Tylenol’s Risks Not Fully Understood

Amer­i­cans have a spotty under­stand­ing of the risks of Tylenol, a nation­wide poll con­ducted ear­lier this year shows.

About half said they are not aware of any safety warn­ings involv­ing the drug. But 80 per­cent said that over­dos­ing on the med­i­cine could result in seri­ous side effects.

Thirty-five per­cent of those sur­veyed said it was safe to mix Tylenol with another med­i­cine that con­tains aceta­minophen, the active ingre­di­ent in Tylenol. This prac­tice is known as “dou­ble dip­ping” and can lead to acci­den­tal overdoses.

Taken together, the results sug­gest a mixed record of suc­cess for the labels on Tylenol pack­ages intended to warn con­sumers about the dan­gers of the drug. It also sug­gests that the aceta­minophen pub­lic aware­ness cam­paigns spon­sored over the past sev­eral years by the U.S. Food and Drug Admin­is­tra­tion, the drug indus­try and McNeil Con­sumer Health­care Prod­ucts, the John­son & John­son unit that makes Tylenol have yet to be fully effective.

When taken as rec­om­mended, aceta­minophen u2013 known in many coun­tries as parac­eta­mol u2013 is gen­er­ally safe, with few side effects. But at higher amounts, it can dam­age the liver, some­times with lethal consequences.

As an inves­ti­ga­tion by ProP­ub­lica reported last week, about 150 peo­ple die each year after acci­den­tally ingest­ing too much aceta­minophen, accord­ing to data from the Cen­ters for Dis­ease Con­trol and Pre­ven­tion. Tens of thou­sands more are sent to hos­pi­tals and emer­gency rooms for treat­ment from aceta­minophen poi­son­ing, stud­ies show. The FDA now calls aceta­minophen tox­i­c­ity a “per­sis­tent, impor­tant pub­lic health prob­lem.”

The tele­phone poll of 1,003 adults was con­ducted by Prince­ton Sur­vey Research Asso­ciates Inter­na­tional in Feb­ru­ary and March, and it has a mar­gin of error of 3.5 per­cent­age points. It was com­mis­sioned by ProP­ub­lica and This Amer­i­can Life, which pro­duced a radio story on the risks of aceta­minophen. Full results from the sur­vey are here.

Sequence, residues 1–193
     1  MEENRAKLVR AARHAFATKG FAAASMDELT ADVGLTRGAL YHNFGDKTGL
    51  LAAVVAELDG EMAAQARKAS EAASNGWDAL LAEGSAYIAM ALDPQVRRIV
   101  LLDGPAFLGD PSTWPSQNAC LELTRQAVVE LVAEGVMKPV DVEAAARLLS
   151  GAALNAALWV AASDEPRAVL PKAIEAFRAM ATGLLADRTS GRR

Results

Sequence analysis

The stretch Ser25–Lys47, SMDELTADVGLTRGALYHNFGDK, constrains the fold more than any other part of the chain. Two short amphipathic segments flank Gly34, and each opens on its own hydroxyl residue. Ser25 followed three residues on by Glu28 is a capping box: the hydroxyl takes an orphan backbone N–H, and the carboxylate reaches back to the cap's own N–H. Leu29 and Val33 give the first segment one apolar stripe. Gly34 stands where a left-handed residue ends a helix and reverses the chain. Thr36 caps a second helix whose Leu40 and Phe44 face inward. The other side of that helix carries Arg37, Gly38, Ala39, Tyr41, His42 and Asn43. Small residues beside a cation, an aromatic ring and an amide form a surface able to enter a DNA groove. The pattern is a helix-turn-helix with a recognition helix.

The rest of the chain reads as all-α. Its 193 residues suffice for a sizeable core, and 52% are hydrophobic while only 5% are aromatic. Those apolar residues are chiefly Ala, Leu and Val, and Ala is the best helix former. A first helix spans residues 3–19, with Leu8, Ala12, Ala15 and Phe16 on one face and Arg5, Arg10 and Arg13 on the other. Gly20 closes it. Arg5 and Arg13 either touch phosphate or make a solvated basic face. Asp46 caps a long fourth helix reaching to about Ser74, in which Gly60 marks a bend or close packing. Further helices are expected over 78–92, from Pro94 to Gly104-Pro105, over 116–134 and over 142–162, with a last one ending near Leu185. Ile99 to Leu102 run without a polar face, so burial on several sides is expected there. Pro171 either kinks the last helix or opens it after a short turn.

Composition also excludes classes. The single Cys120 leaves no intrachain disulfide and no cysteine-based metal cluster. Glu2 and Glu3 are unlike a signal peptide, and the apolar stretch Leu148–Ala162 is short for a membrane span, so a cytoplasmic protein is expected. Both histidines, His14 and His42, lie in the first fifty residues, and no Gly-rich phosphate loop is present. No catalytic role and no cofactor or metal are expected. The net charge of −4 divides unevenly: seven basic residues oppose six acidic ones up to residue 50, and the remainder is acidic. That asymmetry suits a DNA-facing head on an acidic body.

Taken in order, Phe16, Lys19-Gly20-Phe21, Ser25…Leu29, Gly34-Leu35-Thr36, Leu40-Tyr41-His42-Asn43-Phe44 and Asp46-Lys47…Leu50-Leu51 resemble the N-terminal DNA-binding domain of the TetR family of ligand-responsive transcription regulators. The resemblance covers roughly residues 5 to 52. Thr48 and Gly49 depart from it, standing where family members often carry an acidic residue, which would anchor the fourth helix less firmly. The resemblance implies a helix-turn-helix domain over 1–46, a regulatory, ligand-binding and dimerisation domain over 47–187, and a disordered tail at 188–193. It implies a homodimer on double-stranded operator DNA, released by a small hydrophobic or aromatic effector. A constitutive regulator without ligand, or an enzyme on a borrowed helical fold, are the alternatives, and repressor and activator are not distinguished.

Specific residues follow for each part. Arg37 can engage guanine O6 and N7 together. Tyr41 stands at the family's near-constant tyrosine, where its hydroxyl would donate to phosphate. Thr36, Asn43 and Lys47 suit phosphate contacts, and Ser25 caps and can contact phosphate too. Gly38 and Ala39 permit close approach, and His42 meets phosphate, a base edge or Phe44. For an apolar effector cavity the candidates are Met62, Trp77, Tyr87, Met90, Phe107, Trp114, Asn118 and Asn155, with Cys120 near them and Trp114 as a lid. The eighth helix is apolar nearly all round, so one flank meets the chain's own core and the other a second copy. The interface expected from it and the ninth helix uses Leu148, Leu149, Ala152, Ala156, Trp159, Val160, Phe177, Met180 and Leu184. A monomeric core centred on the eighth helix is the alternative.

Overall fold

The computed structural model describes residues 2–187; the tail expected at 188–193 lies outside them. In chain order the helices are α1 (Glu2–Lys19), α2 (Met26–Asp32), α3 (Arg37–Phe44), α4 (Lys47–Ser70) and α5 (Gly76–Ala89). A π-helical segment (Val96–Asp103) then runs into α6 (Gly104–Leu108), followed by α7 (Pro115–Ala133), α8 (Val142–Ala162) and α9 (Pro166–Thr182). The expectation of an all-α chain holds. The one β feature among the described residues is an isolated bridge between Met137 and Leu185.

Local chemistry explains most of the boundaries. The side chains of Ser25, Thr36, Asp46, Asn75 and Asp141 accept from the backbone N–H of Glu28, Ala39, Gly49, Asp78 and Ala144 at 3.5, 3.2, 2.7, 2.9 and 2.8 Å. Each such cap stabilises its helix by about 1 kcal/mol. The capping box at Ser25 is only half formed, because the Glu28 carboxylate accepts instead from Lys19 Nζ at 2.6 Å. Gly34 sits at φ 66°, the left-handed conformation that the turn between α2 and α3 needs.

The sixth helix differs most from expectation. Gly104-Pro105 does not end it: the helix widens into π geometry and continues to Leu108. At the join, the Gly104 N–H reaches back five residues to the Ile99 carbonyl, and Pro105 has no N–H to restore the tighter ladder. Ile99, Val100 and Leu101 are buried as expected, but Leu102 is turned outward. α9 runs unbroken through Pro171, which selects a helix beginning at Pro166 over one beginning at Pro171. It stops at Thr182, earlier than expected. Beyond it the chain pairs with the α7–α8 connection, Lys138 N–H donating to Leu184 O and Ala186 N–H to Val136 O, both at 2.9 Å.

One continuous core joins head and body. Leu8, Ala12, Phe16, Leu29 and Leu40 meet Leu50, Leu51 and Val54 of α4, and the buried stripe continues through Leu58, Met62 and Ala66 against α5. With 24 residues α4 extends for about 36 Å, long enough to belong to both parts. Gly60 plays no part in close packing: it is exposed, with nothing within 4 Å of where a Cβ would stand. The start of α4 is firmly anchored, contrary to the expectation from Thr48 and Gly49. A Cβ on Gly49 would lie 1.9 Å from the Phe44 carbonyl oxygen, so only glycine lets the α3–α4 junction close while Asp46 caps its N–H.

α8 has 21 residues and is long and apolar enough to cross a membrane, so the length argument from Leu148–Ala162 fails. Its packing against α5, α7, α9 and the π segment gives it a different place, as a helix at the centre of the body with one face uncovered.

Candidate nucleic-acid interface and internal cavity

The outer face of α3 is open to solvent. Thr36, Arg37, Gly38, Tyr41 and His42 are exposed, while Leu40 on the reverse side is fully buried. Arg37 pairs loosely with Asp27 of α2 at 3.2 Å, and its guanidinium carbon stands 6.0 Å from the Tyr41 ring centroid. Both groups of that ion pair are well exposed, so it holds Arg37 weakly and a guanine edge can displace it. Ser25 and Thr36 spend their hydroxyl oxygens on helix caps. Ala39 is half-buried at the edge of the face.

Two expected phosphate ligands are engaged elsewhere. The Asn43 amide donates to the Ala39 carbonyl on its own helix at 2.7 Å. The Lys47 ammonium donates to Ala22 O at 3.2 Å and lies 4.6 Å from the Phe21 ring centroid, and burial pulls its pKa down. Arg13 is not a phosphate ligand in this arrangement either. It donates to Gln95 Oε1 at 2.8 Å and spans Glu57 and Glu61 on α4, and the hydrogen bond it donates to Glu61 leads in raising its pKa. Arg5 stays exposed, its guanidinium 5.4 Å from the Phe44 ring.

Source: Prince­ton Sur­vey Research Asso­ciates Inter­na­tional (See result.)

Are there any safety warn­ings about con­sum­ing alco­holic drinks when using Tylenol?

Source: Prince­ton Sur­vey Research Asso­ciates Inter­na­tional (See result.)

Is it safe to take Nyquil along with the max­i­mum rec­om­mended dose of Extra Strength Tylenol

Source: Prince­ton Sur­vey Research Asso­ciates Inter­na­tional (See result.)

Fifty-one per­cent of poll respon­dents were unaware of any safety warn­ings asso­ci­ated with Tylenol. How­ever, 68 per­cent cor­rectly said that liver dam­age could result from tak­ing too much of the drug, while 55 per­cent said that an over­dose could lead to death.

To gauge whether these responses reflected a real knowl­edge of the dan­gers of over­dos­ing, the poll also asked about prob­lems that are not caused by exces­sive con­sump­tion, includ­ing heart pal­pi­ta­tions, tin­gling in the fin­gers and severe brain dam­age. But large num­bers gave the wrong answer. For exam­ple, almost half of those sur­veyed (49 per­cent) said incor­rectly that over­dos­ing could cause heart pal­pi­ta­tions, call­ing into ques­tion how much Amer­i­cans truly under­stand about the risks of over­dos­ing on acetaminophen.